ATmega168 MCU powers energy-saving thermostat

Earlier this month, Bits & Pieces took a closer look at a smart thermostat in the Netherlands powered by an Arduino Mega 2560 (ATmega2560 MCU), as well as a three-zone thermostat built around an Atmel-based Arduino Uno (ATmega328).

Today, we’re going to get up close and personal with a thermostat equipped with a stand-alone Atmel ATmega168 AVR micrcontroller that was built to regulate Andrian’s boiler.

“After a few minutes, the [boiler] warms the water enough so that the water temp exceeds the thermostat limit. The thermostat changes state and drives an electric valve to move the water from the boiler to the radiators. The electric valve is slow and takes a few minutes to make a full turn,” Andrian wrote in a recent blog post.

“While the water is moving from the boiler to the radiators, circularly cool water is coming back from the radiators. Τhe water temp in the boiler is getting cooler and after a few minutes falls under the thermostat’s limit. The thermostat changes state and stops the valve from driving the water to radiators. This happens again and again until [all the] water in the radiators is warm. ”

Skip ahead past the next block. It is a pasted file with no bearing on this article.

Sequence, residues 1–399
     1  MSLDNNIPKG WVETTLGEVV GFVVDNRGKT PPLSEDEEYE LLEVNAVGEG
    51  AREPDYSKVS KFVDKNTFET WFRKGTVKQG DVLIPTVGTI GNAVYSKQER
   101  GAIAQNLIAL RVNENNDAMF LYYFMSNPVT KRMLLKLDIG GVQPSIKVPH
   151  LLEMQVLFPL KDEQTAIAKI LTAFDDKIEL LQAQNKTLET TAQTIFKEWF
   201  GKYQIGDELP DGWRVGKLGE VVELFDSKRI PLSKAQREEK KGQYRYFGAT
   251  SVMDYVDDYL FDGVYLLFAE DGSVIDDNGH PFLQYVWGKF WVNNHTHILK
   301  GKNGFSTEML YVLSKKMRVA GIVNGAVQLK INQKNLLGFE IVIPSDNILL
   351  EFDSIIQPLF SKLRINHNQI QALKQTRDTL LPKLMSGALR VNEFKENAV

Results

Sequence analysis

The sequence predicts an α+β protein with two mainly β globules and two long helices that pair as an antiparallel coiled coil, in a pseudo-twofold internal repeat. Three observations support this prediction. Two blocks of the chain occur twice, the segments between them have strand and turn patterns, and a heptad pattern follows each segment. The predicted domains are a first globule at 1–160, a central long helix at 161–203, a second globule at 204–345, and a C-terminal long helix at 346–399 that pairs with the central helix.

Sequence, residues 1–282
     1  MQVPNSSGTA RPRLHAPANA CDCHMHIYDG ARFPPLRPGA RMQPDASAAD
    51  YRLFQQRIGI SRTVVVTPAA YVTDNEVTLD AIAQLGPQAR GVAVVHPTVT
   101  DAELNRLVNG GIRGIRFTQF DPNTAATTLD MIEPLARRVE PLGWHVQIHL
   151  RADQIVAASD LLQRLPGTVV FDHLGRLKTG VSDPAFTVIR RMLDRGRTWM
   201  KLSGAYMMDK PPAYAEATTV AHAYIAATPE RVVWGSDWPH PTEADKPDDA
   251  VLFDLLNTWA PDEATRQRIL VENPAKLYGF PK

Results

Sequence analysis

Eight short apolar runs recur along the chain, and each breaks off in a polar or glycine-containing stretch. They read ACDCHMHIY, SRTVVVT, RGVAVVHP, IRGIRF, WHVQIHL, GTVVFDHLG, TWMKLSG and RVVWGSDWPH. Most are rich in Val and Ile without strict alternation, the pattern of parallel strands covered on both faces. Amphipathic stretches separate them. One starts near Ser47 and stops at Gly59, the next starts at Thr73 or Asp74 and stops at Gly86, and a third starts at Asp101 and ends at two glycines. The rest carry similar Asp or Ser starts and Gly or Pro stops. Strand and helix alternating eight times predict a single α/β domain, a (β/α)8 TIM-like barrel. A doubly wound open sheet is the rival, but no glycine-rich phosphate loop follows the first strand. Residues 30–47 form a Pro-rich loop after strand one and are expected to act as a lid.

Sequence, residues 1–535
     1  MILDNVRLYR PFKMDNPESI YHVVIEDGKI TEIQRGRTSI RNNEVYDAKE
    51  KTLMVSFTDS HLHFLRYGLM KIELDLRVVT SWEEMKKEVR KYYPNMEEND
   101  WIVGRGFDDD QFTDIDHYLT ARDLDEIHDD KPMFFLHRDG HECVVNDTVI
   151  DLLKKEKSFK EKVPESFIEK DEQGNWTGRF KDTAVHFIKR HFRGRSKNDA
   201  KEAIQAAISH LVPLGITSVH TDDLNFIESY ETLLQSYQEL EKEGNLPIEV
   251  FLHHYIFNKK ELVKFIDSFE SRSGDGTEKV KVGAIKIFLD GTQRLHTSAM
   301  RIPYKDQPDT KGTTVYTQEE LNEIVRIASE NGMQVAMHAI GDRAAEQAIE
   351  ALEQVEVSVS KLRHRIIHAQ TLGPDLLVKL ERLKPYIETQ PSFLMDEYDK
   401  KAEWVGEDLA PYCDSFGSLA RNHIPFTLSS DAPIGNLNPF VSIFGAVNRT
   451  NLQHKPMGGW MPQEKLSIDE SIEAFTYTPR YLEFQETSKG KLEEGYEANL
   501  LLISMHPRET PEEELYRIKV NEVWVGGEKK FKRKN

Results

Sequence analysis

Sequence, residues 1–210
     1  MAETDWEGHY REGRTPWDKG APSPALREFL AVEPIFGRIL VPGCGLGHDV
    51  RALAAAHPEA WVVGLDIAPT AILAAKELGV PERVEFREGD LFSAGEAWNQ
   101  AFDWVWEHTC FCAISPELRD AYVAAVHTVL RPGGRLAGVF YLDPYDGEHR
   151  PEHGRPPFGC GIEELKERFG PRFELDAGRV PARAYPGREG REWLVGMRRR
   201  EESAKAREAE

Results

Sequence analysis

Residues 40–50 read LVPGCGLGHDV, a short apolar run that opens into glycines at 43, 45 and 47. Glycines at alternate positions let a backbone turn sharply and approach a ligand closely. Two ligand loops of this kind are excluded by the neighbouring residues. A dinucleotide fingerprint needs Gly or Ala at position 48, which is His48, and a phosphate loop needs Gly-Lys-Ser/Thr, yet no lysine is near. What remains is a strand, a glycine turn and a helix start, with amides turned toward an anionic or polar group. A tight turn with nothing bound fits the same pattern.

To prevent this issue – opening and closing the electric valve in minimal increments – Andrian designed a thermostat capable of delaying the sample points. More specifically, it monitors the boiler temp, driving the electric valve only when the overall water temp exceeds the thermostat limit. Subsequently, the device waits half an hour or more before once again checking the water temperature.

Key project specs include:


One LM7805 regulator and two capacitors (simple power supply design)
Rotary/push-button switch (menu selection and configuration)
Two relays driving external electric valves
  • HD4780 LCD display

“The main MCU is the [Atmel] 8-bit AVR ATmega168, with a buzzer [alerting] the user for a button press or a limit exceeded,” Andrian explained.


“[Meanwhile], two LM35 temp sensors one internal and one external measure the ambient and pipe – boiler temp. You [will] also notice a 32.768Khz crystal, used to implement a real time clock which [tracks] real time delays.”

Interested in learning more about Andrian’s AVR-thermostat? You can check out the project’s official page here.

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